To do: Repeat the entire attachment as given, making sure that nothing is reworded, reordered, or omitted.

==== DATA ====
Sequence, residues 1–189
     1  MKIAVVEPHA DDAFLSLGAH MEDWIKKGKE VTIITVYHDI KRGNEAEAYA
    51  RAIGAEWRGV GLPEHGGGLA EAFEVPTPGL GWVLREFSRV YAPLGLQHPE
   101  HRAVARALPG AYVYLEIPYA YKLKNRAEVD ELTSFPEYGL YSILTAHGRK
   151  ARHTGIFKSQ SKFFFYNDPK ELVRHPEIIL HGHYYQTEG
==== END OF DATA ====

Sequence, residues 1–189
     1  MKIAVVEPHA DDAFLSLGAH MEDWIKKGKE VTIITVYHDI KRGNEAEAYA
    51  RAIGAEWRGV GLPEHGGGLA EAFEVPTPGL GWVLREFSRV YAPLGLQHPE
   101  HRAVARALPG AYVYLEIPYA YKLKNRAEVD ELTSFPEYGL YSILTAHGRK
   151  ARHTGIFKSQ SKFFFYNDPK ELVRHPEIIL HGHYYQTEG